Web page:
An update of the 1977 comedy, Dick and Jane are living the good life. That is until Dick (Jim Carrey) loses his job shortly after getting a promotion that convinced his wife Jane (Téa Leoni) to quit her job. The money is gone, and the house ends up in foreclosure. Dick decides to turn to a hilarious life of crime to pay the bills with his lovely wife by his side. Then together they decide it's ... See full summary »
After hiding his loot and getting thrown in jail, Ruby, a brooding outlaw encounters Quentin, a dim-witted and garrulous giant who befriends him. After Quentin botches a solo escape attempt... See full summary »
Two New Yorkers are accused of murder in rural Alabama while on their way back to college, and one of their cousins--an inexperienced, loudmouth lawyer not accustomed to Southern rules and manners--comes in to defend them.
Lawrence and Freddie are con-men; big-time and small time respectively. They unsuccessfully attempt to work together only to find that this town (on the French Mediterranean coast) aint big... See full summary »
The mafia's Paul Vitti is back in prison and will need some serious counseling when he gets out. Naturally, he returns to his analyst Dr. Ben Sobel for help and finds that Sobel needs some serious help himself as he has inherited the family practice, as well as an excess stock of stress. Written by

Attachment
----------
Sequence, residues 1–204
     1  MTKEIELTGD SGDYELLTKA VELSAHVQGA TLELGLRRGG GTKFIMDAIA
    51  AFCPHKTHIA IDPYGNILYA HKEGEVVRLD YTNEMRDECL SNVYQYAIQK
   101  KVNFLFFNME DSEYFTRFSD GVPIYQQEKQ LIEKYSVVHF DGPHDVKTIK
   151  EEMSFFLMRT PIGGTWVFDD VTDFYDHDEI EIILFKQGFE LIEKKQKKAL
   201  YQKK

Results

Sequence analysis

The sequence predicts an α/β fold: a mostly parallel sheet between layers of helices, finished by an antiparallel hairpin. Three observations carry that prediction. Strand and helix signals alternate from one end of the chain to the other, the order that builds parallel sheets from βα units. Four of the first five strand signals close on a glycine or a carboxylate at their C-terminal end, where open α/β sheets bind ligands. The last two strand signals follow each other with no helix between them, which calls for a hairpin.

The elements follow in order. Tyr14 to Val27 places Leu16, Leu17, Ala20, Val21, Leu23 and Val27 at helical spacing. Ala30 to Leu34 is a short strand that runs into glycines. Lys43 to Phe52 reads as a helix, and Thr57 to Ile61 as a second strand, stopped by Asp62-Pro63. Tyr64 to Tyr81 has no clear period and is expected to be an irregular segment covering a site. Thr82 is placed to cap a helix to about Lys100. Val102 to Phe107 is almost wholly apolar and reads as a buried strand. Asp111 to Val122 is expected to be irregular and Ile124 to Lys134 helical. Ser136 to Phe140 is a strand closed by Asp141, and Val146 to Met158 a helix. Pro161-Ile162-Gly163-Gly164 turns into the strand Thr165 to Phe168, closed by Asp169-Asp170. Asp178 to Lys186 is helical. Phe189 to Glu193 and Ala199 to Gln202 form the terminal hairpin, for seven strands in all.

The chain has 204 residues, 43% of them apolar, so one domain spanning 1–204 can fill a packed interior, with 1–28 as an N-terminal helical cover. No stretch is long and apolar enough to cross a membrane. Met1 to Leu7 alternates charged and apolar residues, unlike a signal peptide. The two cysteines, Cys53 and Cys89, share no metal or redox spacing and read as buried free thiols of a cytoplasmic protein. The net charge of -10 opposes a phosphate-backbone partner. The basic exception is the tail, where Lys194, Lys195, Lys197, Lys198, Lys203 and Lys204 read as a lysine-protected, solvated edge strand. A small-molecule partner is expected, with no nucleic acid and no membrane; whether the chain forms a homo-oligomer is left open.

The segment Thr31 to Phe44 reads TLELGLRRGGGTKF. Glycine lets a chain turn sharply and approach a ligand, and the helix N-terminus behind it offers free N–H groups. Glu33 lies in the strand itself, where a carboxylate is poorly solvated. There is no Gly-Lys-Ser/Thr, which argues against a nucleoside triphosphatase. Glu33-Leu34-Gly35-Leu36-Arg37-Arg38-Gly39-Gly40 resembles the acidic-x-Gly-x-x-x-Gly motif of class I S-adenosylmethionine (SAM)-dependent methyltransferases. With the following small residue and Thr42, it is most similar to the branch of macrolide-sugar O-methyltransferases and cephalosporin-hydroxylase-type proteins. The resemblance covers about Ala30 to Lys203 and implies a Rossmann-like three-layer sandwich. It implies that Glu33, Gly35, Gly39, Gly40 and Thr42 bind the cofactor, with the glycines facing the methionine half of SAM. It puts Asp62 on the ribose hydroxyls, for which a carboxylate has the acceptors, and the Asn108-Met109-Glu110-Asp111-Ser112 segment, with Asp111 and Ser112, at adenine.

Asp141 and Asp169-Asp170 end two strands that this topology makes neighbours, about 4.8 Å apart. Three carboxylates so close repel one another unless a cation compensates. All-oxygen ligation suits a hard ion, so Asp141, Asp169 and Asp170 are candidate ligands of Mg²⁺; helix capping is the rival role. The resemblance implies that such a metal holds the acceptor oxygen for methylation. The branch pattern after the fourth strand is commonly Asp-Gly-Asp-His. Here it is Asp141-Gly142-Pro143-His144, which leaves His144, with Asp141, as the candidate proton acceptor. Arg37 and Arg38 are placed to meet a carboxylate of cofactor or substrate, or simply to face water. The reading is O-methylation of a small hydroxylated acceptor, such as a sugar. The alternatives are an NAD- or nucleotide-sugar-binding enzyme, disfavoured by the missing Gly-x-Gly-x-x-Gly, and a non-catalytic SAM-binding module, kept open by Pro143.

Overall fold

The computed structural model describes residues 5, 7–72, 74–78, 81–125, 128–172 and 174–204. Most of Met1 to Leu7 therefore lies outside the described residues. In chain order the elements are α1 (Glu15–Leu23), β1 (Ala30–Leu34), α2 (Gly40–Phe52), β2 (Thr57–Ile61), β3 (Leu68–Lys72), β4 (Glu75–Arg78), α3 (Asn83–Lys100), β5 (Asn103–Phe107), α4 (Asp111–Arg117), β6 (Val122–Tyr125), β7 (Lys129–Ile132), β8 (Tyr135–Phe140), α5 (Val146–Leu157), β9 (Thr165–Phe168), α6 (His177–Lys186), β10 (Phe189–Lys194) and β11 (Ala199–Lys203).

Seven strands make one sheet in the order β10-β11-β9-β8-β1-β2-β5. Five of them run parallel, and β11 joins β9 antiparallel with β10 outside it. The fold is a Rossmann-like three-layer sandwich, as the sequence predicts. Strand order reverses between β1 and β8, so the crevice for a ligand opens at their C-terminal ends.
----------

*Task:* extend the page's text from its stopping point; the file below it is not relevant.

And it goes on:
A sequel to the 1999 comedy Analyze This. The mob boss Paul Vitti (Robert De Niro) is released from prison to the reluctant custody of Ben Sobel, his neurotic psychiatrist (Billy Crystal). Sobel has to try to convince Vitti to reform himself and get a lawful job easier said than done. Vitti does find work as a consultant for a mob-themed TV show, but at the same time rivaling gangsters are after him and Sobel is more stressed than ever.
I like the original film a lot and there is fun to be found in the sequel as well. De Niro lampoons his many gangster roles and mob movie clichés in general, while Crystal's role continues the Woody Allen tradition of neurotic worrying. Both have mastered the mannerisms and dialog their roles demand, making the more down-to-earth scenes much funnier than the big action set-pieces, such as the armoured truck robbery in the end. Even though I laughed many times, I don't think the jokes come out as effortlessly as in the first movie, but Analyze That is a very watchable sequel in any case. In his last role, Joe Viterelli also deserves a nod for his performance as Jelly, Vitti's right-hand man.
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